To identify an “exposed” population, we selected 18 EPA stations in the five Pacific/West Coast States for which at least 20 gross beta measurements were made during both 2010 and 2011. Many stations had consid- erably more, and thus a total of 1,043 and 1,083 meas- urements were used in the two years for the 18 stations.
We identified a “control” group representing the re- mainder of the US. Thus, 31 sites were selected, repre- senting a wide geographic diversity. These sites recorded 59 to 79 airborne beta measurements each year for the 288-day period January 1-October 4, approximately twice- weekly measurements for the entire period. In all, 2,211 and 2,057 measurements were included in each respect- tive year for the 31 sites. The list of these 18 exposed and 31 control sites is given in Appendix 1.
The “average” beta for each group was calculated by dividing the arithmetic mean by the number of sites (18 or 31). Table 3 presents the changes in average beta for exposed and control groups, for the periods of higher and lower/no exposure.
The data show that in the 18 sites in the Pacific/West Coast (“exposed”) was 7.345 times higher in the March 15-April 30 period, compared to just 2.397 in the 31 other sites (“controls”), a ratio of 3.06. For the rest of the year, the 2010-2011 change was very small (0.983 and 1.018, a ratio of 0.97), which is expected due to the ab- sence of Fukushima fallout in both years.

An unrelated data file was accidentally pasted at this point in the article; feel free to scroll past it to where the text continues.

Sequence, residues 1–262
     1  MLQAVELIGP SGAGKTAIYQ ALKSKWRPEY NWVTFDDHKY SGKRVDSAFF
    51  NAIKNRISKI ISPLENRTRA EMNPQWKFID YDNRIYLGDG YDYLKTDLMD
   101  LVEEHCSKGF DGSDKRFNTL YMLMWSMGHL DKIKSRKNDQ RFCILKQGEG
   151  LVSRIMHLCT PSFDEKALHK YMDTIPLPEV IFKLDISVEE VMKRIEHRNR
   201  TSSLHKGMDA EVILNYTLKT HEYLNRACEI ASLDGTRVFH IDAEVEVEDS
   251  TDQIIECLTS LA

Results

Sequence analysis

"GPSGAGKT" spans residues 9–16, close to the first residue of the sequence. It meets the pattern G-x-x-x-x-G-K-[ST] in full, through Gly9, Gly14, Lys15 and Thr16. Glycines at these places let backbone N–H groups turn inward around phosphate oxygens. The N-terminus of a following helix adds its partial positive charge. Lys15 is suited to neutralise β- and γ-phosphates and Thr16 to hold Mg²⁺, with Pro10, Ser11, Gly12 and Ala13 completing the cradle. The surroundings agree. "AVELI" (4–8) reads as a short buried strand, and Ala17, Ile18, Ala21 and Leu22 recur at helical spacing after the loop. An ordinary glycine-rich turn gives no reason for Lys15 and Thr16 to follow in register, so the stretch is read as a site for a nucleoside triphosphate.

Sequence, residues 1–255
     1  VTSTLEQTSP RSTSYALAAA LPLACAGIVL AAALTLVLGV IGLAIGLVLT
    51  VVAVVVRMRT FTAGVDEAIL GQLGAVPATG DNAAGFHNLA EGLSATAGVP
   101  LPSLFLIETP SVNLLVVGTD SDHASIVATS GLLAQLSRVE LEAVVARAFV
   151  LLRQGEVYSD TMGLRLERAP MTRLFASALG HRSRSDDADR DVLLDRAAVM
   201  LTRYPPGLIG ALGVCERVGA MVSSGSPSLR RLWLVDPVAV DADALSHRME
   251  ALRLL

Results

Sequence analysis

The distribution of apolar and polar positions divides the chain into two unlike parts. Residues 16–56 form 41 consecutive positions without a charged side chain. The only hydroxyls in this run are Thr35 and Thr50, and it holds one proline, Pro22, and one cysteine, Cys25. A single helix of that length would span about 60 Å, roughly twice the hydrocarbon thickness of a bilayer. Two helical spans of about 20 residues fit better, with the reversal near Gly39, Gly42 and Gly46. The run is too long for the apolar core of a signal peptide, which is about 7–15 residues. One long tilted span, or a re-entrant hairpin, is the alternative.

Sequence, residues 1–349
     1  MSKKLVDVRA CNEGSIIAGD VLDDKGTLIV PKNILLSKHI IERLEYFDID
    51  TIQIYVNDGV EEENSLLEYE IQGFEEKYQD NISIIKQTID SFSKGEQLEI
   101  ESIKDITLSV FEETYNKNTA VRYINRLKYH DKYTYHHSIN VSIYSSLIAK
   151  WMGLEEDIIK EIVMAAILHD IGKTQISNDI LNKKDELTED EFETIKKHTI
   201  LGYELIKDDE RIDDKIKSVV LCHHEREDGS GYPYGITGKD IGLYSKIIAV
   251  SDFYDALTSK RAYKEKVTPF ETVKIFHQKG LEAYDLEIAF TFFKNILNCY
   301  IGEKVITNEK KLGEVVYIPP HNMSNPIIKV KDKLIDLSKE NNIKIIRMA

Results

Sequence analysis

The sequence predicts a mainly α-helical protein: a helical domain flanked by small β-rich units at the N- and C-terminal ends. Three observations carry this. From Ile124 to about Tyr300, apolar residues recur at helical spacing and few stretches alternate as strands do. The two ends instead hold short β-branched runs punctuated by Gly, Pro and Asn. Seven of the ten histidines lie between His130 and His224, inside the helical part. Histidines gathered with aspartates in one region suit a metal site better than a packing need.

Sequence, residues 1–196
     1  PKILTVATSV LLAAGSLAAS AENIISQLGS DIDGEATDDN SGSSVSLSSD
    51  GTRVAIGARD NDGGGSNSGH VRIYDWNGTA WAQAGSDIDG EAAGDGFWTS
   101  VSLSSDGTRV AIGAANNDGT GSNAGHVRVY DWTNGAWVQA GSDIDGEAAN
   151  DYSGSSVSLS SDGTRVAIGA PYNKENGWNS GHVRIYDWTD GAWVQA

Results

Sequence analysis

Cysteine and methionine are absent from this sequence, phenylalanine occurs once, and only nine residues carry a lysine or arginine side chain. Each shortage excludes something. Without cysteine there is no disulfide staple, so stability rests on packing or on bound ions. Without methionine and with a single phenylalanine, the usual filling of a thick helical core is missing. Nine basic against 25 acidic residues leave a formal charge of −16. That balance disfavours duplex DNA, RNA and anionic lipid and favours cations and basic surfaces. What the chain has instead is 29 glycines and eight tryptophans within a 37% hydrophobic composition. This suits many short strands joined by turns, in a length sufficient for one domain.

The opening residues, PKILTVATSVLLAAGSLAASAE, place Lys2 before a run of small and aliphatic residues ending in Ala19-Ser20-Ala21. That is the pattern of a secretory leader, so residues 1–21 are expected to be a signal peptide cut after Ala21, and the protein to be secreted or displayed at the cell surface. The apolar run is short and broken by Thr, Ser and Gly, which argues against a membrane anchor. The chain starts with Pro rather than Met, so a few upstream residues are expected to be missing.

Observations for some sites showed especially large increases. In the Pacific/West Coast, the largest changes were in the California cities of Eureka (increase of 38.264 times), Anaheim (14.941), and San Bernardino (12.054). In the 31 control sites, the only increases above 4.2 times were observed in Tucson AZ (9.320) and Salt Lake City UT (7.879), both located in the western US. The lowest figures were found in the southeastern cities of Baton Rouge LA (1.222) and Montgomery AL (1.212). This shows that for all areas of the US, 2010-2011 gross beta concentrations increased in the period March 15- April 30. Thus, Fukushima fallout appeared to affect all areas of the US, and was especially large in some, mostly in the western part of the nation.

Référence :

J. Mangano, J. and D. Sherman, J. (2013) Elevated airborne beta levels in Pacific/West Coast US States and trends in hypothyroidism among newborns after the Fukushima nuclear meltdown. Open Journal of Pediatrics, 3, 1-9. doi: 10.4236/ojped.2013.31001.

Article complet → http://www.scirp.org/journal/ojped/

Categories: Confirmed effects